The Federation of Small Businesses (FSB) is calling on the government to make 2006 a year of delivery on measures to help SMEs.
The FSB has urged the government to value the contribution that small businesses make by ensuring adequate SME representation on decision-making bodies and delivering a business environment in which they can thrive.
Carol Undy, national chairman of the FSB, said: “This year should be when the government finally delivers on its promises. This means giving small businesses more say in decision making; stemming the flow of new regulations and simplifying existing ones.”
Last year the Department of Trade and Industry announced plans to cut red tape by £1bn by 2010 (CRN, 5 December), however the FSB said it wanted to see action now.
Robert May, managing director of VAR Ramsac, said: “The rate that new legislation changes is incredible. I recently heard a statistic that claimed since this government came into power, the equivalent of one piece of legislation per day has been introduced.”
However, Pierre Lams, co-founder of Handheld PCs, said: “When we set up Handheld three years ago I didn’t feel that there was a lot of red tape to go through. We have now grown from two employees to 11 and still the amount of red tape is not onerous.”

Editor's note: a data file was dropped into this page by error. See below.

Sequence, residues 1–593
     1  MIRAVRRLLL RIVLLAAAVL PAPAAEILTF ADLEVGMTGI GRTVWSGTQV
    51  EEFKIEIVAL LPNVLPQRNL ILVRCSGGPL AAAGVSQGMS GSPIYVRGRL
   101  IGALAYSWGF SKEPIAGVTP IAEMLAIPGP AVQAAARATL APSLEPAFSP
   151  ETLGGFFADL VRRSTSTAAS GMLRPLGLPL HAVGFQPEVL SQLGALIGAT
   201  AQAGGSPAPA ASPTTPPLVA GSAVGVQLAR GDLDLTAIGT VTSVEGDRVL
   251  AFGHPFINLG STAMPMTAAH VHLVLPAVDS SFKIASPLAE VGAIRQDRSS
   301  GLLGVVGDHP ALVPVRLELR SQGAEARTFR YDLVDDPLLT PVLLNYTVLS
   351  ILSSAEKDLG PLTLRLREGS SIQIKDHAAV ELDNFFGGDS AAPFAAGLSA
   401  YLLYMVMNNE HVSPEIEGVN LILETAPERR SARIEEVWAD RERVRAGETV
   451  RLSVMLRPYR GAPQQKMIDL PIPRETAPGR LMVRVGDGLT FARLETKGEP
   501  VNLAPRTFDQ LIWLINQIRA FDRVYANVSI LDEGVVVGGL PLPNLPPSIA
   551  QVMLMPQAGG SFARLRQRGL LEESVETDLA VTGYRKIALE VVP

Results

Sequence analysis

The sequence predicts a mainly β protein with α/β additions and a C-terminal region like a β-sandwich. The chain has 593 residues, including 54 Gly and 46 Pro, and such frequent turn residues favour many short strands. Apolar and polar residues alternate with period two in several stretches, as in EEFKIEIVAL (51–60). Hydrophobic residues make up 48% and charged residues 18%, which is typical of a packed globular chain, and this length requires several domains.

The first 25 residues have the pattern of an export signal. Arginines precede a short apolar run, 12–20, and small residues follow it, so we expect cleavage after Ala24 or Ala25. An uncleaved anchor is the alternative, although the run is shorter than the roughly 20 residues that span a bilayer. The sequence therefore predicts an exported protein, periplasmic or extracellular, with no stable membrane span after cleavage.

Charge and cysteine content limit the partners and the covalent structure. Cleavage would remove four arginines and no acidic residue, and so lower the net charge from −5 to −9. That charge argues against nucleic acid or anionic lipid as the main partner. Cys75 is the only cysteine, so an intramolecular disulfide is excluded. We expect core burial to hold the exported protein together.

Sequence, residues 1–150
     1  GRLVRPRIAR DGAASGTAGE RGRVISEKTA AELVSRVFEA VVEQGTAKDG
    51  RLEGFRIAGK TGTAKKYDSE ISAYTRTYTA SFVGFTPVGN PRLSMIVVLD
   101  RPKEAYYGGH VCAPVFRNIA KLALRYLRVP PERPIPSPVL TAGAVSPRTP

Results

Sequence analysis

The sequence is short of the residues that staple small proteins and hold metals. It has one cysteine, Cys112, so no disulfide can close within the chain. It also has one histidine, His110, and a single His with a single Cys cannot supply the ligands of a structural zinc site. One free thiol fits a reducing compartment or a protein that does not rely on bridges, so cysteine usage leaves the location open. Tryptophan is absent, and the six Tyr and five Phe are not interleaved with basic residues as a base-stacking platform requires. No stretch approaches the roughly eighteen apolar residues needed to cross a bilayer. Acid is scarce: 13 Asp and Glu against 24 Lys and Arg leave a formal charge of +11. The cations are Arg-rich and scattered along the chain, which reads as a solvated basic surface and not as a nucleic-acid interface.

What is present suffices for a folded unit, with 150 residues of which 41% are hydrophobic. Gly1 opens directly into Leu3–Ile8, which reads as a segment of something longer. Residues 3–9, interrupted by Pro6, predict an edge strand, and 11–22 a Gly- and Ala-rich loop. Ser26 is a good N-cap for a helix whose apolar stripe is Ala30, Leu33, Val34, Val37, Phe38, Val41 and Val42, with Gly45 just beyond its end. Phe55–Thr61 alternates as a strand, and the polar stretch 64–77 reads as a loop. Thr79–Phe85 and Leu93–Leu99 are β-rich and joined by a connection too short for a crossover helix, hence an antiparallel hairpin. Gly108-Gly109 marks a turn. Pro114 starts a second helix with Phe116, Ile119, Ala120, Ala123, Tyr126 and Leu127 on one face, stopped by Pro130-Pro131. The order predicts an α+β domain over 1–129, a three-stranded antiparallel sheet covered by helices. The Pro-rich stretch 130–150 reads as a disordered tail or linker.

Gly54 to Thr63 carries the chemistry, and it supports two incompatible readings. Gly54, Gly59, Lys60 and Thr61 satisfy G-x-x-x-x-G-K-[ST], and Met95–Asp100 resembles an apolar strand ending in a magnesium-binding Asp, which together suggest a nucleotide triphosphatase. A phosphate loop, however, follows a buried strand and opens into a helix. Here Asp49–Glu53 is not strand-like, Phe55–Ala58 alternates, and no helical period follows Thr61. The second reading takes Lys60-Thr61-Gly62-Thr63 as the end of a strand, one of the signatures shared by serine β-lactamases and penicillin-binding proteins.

Lee Bevan, managing director of Leapfrog Computers, added: “To help small businesses the government should give five-year’s grace on VAT to small business start-ups. This would give the business a chance to grow.”
Vendor tells partners that 'human error' led to the exposure of data
C-suite execs from heavyweights including Softcat and Insight met to discuss where the channel is headed next
Vendor's buyout of Lobe marks its third acquisition of an AI startup this year
Marcin Kleczynski also wants to see the vendor shake off its consumer tag